Alden v. Maine Case Brief
Summary of Alden v. Maine
Citation: 527 U.S. 706
Relevant Facts: In 1992, a group of probation officers sued the State of Maine (their employer), claiming that it had violated overtime provisions of the 1938 Fair Labor Standards Act. The lawsuit came on the heels of the 1996 Seminole Tribe v. Florida case in which the Court held that States are immune from private lawsuits in federal court, and that Congress lacked the power to abrogate the sovereign immunity of states. The probation officers’ suit was dismissed in federal district court. Alden and his fellow petitioners sued Maine again but in state rather than federal court. The state trial court and supreme court sided with Maine and held that the State had sovereign immunity and could not be sued by private parties in court. The matter was appealed and ultimately heard by the United States Supreme Court.
Issues: The legal question presented was whether Congress can use its Article I powers to abrogate a state’s sovereign immunity from private suits in its own trial courts?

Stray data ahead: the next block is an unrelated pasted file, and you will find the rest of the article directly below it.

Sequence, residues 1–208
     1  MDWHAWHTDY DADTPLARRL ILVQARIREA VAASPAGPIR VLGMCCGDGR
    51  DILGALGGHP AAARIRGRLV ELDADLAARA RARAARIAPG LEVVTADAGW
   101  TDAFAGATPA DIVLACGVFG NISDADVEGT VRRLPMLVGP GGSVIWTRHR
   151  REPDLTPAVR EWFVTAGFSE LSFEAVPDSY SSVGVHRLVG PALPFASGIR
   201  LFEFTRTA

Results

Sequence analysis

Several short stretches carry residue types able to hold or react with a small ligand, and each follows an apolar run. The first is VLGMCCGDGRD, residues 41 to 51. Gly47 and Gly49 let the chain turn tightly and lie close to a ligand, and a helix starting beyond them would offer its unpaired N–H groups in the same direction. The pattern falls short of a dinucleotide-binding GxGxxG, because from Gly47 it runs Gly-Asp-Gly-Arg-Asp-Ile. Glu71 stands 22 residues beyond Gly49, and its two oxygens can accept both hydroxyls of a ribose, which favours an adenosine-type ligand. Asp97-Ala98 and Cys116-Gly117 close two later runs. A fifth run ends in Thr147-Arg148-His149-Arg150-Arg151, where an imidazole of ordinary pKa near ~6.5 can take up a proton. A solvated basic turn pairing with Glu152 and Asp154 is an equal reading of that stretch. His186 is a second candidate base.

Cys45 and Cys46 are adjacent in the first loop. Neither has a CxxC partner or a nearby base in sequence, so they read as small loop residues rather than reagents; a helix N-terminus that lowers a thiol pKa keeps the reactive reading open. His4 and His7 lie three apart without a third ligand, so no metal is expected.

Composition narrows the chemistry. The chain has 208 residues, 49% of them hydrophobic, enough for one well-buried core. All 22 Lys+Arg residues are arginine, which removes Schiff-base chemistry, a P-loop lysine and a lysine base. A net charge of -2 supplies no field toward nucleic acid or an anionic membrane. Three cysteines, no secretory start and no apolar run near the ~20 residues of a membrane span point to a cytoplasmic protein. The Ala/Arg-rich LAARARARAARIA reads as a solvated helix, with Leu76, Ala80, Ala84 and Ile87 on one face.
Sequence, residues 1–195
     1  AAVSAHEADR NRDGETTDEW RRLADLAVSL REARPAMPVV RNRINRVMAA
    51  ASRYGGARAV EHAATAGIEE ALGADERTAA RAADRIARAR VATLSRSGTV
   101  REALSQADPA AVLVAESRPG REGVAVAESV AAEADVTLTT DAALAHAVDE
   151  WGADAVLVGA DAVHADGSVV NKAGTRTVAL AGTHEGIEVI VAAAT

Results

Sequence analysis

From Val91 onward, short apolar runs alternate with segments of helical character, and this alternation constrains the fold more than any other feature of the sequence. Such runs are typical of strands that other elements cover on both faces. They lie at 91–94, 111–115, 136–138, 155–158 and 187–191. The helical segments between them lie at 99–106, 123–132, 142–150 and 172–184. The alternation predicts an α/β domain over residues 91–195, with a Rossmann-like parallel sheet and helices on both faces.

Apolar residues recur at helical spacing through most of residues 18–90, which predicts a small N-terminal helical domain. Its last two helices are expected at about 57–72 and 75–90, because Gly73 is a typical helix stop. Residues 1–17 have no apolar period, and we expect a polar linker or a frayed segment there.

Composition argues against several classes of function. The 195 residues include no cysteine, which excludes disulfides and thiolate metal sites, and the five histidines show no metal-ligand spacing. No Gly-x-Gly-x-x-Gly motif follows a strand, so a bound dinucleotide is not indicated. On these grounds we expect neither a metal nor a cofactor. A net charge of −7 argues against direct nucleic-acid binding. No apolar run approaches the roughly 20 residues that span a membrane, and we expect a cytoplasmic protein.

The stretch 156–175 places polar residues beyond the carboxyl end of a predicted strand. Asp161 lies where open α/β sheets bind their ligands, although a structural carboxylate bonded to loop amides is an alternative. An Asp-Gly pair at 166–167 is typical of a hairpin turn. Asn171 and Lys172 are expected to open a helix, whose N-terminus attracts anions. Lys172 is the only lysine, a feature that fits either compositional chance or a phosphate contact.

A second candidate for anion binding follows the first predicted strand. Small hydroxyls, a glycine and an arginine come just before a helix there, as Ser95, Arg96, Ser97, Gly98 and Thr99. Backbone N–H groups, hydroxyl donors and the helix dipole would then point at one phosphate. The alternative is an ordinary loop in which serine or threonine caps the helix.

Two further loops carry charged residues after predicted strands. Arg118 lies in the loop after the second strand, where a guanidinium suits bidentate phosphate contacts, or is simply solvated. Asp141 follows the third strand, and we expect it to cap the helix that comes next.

Holding: The Supreme Court held that it could not.
Reasoning: Although sharply divided, the Supreme Court reasoned that Congress does not have the authority via Article I to abrogate states’ sovereign immunity. The Court reasoned that the text and history/intent of the 11th Amendment made clear that states are to be immune from suits in their own courts. Additionally, the Court reasoned that the original understanding of the power afforded by the amendment was to confirm and ensure that states retain a good deal of their sovereignty even though there would be matters in which the federal government’s power would supercede based upon its enumerated powers.
Dissent: Associate Justice Souter dissented, arguing that the majority has inappropriately applied the concept of sovereign immunity to the case. He further argued that contrary to the Court’s rationale that the intent of the concept and amendment was clear, he indicated that it was in fact unclear, and that this is confirmed by the historical record. Since the FLSA was national in scope, it did not violate the principle of federalism as contended by the majority, but rather could be assessed along with it, towards the same end.